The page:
Second, it also provides that upon approval by the court, the rehabilitation plan and its provisions “shall be binding upon the debtor and all persons who may be affected by it, including the creditors, whether or not such persons have participated in the proceedings or opposed the plan or whether or not their claims have been scheduled.”46

Thus, the January 17, 2005 order approving the amended rehabilitation plan, now final and executory resulting from the resolution of BPI v. Pryce Corporation docketed as G.R. No. 180316, binds all creditors including respondent China Banking Corporation.

This judgment in BPI v. Pryce Corporation covers necessarily the rehabilitation court’s September 13, 2004 order giving due course to the petition. The general rule precluding relitigation of issues extends to questions implied necessarily in the final judgment, viz:chanRoblesvirtualLawlibrary
The general rule precluding the relitigation of material facts or questions which were in issue and adjudicated in former action are commonly applied to all matters essentially connected with the subject matter of the litigation. Thus, it extends to questions necessarily implied in the final judgment, although no specific finding may have been made in reference thereto and although such matters were directly referred to in the pleadings and were not actually or formally presented. x x x.47ChanRoblesVirtualawlibrary
The dispositive portion of the Court of Appeals’ decision in BPI v. Pryce Corporation, reversed on reconsideration, only mentioned the January 17, 2005 order of the rehabilitation court approving the amended rehabilitation plan. Nevertheless, the affirmation of its validity necessarily included the September 13, 2004 order as this earlier order gave due course to the petition and directed the rehabilitation receiver to evaluate and give recommendations on the rehabilitation plan proposed by petitioner.48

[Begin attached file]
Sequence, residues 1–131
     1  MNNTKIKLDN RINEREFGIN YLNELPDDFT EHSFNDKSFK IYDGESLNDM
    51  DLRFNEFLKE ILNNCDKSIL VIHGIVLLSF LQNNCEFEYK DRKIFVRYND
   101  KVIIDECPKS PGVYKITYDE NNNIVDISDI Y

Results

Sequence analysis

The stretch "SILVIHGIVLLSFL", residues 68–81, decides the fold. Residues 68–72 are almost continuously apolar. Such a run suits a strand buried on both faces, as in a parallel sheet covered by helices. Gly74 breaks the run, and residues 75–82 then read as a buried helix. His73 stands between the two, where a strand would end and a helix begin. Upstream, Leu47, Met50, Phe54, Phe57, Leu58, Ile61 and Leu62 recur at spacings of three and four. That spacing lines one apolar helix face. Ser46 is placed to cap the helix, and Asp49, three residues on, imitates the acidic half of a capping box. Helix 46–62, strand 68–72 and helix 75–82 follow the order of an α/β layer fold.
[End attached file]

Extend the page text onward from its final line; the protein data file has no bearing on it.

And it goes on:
In res judicata, the primacy given to the first case is related to the principle of immutability of final judgments essential to an effective and efficient administration of justice, viz:chanRoblesvirtualLawlibrary
x x x [W]ell–settled is the principle that a decision that has acquired finality becomes immutable and unalterable and may no longer be modified in any respect even if the modification is meant to correct erroneous conclusions of fact or law and whether it will be made by the court that rendered it or by the highest court of the land.

The reason for this is that litigation must end and terminate sometime and somewhere, and it is essential to an effective and efficient administration of justice that, once a judgment has become final, the winning party be not deprived of the fruits of the verdict. Courts must guard against any scheme calculated to bring about that result and must frown upon any attempt to prolong the controversies.

The only exceptions to the general rule are the correction of clerical errors, the so–called nunc pro tunc entries which cause no prejudice to any party, void judgments, and whenever circumstances transpire after the finality of the decision rendering its execution unjust and inequitable.49 (Emphasis provided)chanroblesvirtualawlibrary